Whether you are a garden novice or a veteran gardener, you may be aware of the sad fact that our shade garden annual favorite is being denied life by the nasty downy mildew that spreads
all across our nation now. Even if you save your own Impatien seed and keep other garden center plants away from your carefully and lovingly tended imps, you are still vulnerable as this is an airborn pathogen that will stay in your soil from one season to the next. It starts on the underside of the plant where you don't always see it. You won't notice until the leaves turn yellow and fall off, the plant withering and dying. There is nothing as of yet that effectively will combat the virulent attack.
This is my list of alternatives to the dilemma of what to plant to give that same heavenly splash of color in the shade garden.
My top picks are
1) Begonia , green wax leaf, tuberous , angel and dragon wing
4) New guinea impatien
8) Shade coleus
10) Euphorbia 'diamond frost'
15) Fan Flower(Scaevola)
There are a bunch more that will take part shade such as Nicotiana, Salvia, and Sweet Williams.
I will miss the sweet sweet impatien, but while the experts search for a cure, it gives us all the opportunity to step out of our garden box and into the wild new territory of DIFFERENT and awesome plants that will put a smile on our garden faces.#itchingforspring
Commented on Apr 06, 2013
I blamed the drought last year---now I know what happened to my impatiens! I tried everything
last year to save them, and nothing worked. :( (Indiana)
Vinegar is an incredibly powerful liquid. There are almost endless health benefits by using it both inside and outside your body (recipe here, here and here. ) You probably also know it can be used as a replacement for most cleaning solutions and detergents, and because it is so good for your health, it has almost no dangerous side effects. If anything, using vinegar as your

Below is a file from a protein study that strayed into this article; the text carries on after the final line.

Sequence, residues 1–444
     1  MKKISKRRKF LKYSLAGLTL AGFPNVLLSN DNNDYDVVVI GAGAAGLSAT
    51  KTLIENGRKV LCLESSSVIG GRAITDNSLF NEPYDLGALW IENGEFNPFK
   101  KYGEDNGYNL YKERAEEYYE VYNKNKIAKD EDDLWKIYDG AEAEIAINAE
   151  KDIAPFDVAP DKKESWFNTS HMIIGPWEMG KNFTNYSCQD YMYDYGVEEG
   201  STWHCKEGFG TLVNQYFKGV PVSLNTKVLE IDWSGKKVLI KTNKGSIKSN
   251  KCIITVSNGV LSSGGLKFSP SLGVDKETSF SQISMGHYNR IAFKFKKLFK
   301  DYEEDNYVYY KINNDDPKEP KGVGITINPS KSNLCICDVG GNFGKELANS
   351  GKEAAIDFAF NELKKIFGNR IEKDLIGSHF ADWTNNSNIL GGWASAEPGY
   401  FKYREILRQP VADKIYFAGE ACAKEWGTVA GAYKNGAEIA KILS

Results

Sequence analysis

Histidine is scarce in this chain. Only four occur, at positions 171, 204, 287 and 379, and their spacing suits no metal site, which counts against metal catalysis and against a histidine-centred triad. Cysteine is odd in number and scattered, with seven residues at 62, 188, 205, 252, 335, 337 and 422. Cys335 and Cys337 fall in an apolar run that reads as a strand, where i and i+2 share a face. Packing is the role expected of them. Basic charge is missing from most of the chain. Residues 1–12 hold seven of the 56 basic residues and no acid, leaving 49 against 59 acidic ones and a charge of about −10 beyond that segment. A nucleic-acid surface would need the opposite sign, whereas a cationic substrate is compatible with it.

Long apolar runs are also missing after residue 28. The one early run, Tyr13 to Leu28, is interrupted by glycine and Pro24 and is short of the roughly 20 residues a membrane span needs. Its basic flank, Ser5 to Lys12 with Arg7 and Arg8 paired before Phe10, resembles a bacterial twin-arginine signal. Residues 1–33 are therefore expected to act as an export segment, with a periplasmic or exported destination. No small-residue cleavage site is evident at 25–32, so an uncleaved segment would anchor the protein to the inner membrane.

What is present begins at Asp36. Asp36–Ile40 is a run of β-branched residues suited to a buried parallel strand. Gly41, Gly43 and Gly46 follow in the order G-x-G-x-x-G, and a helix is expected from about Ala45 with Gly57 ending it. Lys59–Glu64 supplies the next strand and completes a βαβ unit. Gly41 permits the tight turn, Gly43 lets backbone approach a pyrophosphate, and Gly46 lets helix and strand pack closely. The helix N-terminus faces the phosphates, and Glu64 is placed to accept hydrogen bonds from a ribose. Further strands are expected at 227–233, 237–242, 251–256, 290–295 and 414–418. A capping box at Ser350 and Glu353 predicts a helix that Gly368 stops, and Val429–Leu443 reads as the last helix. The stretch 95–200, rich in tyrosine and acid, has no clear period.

goto cleaner can only improve the health of you and your family.
Adding citrus to a vinegar cleaner not only adds a pleasant smell, but it increases the cleaning power. Like many toxic cleaners, citrus helps it cut through grease, destroy molds and bacterias that may be hiding in your house and more. There are recipes out there for mixing vinegar with essential oils to get the same thing, but there's something nice about making it yourself that we just love at our house.
Here is the recipe:1. Fill a one quart mason jar with citrus peels.
2. Cover peels with white vinegar, place lid on jar, shake and allow to sit for 2-3 weeks.
3. Strain the citrus peels out of the vinegar.
4. Mix the vinegar solution and water in a spray bottle. (You can mix it in a 1:1, 1:2 or 1:3 solution depending on how strong you want your solution)
5. If you want more recipes and how-tos for making your own cleaners, check out this great post! http://www.theyummylife.com/Natural_Citrus_V...
Commented on Mar 03, 2013
LucyUpland, CA--I just saw this on a different post from Hometalk for cleaning stove burners
I made several of these from a leftover bag of cement and some rhubarb leaves. The birds love them, and so easy to make.
Make a mound of sand or dirt, lay the leaf face down with the veins facing up. Apply the cement to the fop of the leaf in the thickness desired, make sure it will be sturdy. You can shape the edges of the leaves. Cover with plastic for a few days, uncover, turn it over and remove the leaf. You may need to use a stiff brush for this or just wait and it will breakdown. Enjoy!!
Commented on Oct 23, 2012
I had a huge elephant ear last year and made a birdbath out of it; it turned out great!
Jenny@birdsandsoap--giant zucchini leaves make great concrete leaves but are a bit trickier to deal with!
I have a pond, and like most people, also have fish. But, did not realize how BAD Raccoons are..I have been "hit" twice, and the loss is devistating if you take pride in your fish like I do. They will come in and "take a bath, while eating sushi". So, we built a cage top for our pond. our pond is small, so this was easier to do, but the same idea can be used for somewhat bigger ponds. This cover was made from bambo stakes and chicken wire, with zip-ties to hold it together. I can
remove it whenever " it's clear ", and I am working in the yard...BUT ALWAYS put it back on at night!!
Commented on Aug 19, 2012
Well, we didn't have raccoon problems, but the dog kept jumping in! We tried covering, but it
didn't work; finally we built a bridge that covers some of the pond and ultimately, ended up fencing the pond in! As it is part of a large flower garden, the fence also keeps the dogs from digging up my plants. We added a gate for easy access.